“Don Coryell,” said former coach Mike Martz, “is the father of the modern passing game.”
What Don Coryell is not, however, is a Super Bowl-winning coach. In fact, his detractors not only point to his 3-6 playoff record as a reason to keep him out of Canton but to his two conference championship game appearances … and that’s fair.
Except … except George Allen is in the Hall with a 2-7 playoff record. Yes, he got to a Super Bowl, but he lost it. Allen, however, has the third-best winning percentage of all time at 71.2. Only fellow Hall-of-Famers Vince Lombardi and John Madden are ahead of him on that list. Coryell won only 56.1 percent of his games.
Still, can the absence of a championship game appearance nullify Coryell’s contributions to the game? Sorry, that one needs an explanation. And the explanation is that Coryell, Flores, Shaughnessy and too many others can’t possibly make it to Canton until or unless the process is changed, and we consider coaches apart from players.
While there is no rule in place, there is an understanding that we measure our coaches as we do our quarterbacks — with jewelry. Well, Flores won two Super Bowl rings as a head coach. So did Jimmy Johnson and George Seifert. Mike Shanahan and Tom Coughlin, too. And let’s not forget Buddy Parker. He took the Lions to three straight championship games and won two of them.
None is in Canton (though Coughlin is not yet eligible), and none is on a short list. But they might be if the Hall considered coaches apart from players.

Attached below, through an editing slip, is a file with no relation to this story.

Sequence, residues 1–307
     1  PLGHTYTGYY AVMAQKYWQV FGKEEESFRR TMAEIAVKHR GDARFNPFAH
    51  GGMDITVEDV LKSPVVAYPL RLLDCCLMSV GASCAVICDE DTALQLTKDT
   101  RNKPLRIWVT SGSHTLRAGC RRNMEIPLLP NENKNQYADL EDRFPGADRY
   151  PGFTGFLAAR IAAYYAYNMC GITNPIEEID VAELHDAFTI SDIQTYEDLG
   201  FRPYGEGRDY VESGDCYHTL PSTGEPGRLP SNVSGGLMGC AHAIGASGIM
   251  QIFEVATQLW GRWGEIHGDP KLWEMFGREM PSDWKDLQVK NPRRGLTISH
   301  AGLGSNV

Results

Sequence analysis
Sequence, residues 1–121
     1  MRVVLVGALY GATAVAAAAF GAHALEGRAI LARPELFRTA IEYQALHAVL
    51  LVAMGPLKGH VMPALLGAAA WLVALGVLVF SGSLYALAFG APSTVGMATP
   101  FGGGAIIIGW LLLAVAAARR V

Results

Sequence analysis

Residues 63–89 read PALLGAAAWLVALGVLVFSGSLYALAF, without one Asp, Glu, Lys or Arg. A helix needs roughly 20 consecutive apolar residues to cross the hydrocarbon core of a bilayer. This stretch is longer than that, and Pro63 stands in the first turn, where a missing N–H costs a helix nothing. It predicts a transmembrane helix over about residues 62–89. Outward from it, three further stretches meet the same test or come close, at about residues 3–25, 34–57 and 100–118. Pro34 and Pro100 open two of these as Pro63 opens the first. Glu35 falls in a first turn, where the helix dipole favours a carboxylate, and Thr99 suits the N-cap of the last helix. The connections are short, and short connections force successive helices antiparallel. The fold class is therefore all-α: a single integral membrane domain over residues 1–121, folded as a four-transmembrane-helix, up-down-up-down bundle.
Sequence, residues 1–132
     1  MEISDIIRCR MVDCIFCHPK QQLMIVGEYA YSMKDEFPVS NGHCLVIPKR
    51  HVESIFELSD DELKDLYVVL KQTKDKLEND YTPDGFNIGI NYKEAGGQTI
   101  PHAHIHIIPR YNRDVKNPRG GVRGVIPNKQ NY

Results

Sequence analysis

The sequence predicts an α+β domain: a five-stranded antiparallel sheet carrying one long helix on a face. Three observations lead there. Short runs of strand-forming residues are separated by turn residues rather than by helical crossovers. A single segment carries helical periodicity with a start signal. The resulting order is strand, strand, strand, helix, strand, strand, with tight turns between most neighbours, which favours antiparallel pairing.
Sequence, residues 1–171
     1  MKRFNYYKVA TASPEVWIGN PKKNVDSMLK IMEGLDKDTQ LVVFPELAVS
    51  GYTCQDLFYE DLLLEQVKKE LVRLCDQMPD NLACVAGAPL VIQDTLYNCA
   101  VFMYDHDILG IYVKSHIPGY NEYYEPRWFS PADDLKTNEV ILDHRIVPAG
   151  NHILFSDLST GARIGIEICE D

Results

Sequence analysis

Look, the contributor category is supposed to be for something exactly like a Coryell or a Shaughnessy, who modernized the T-formation and made multiple offensive innovations which, as with Coryell, forced defenses to adapt. Yet Clark Shaughnessy is on nobody’s radar, and that’s more than puzzling. It’s wrong.
It should be for someone like a Flores, too, a guy who broke new ground and made it possible for others to follow.
So put him … and other coaches, including assistants … in with the contributors, and let’s see what happens. As Polian rightly pointed out, the contributor category has become more like “an owner’s category,” with two of the four inductees (Eddie DeBartolo and Jerry Jones) franchise owners and Denver owner Pat Bowlen on the short list for 2018.
“I’m not against an owner’s category,” said Polian. “But how does (former Giants’ GM and league executive) George Young get in? How does (former Washington and San Diego GM) Bobby Beathard get in? I’m a little embarrassed that I’m in there (Polian was in the first contributors class in 2015), and Paul Tagliabue and George Young and Bobby Beathard are not. There’s got to be a way to get these people in.”
So expand the category. Make coaches contributors, too, not only to give them a fairer shot but to deepen a pool that is downright dry compared to the backlog of seniors. Maybe then the individuals who contributed to the success of the sport by doing more than just wining games can … and will … be rewarded.